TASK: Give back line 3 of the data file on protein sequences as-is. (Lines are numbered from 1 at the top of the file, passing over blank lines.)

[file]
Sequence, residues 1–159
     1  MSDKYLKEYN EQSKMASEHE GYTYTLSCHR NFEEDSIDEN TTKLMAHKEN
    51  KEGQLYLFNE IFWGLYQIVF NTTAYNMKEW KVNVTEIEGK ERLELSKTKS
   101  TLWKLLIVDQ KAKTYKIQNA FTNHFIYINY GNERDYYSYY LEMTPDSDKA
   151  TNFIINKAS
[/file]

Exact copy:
    51  KEGQLYLFNE IFWGLYQIVF NTTAYNMKEW KVNVTEIEGK ERLELSKTKS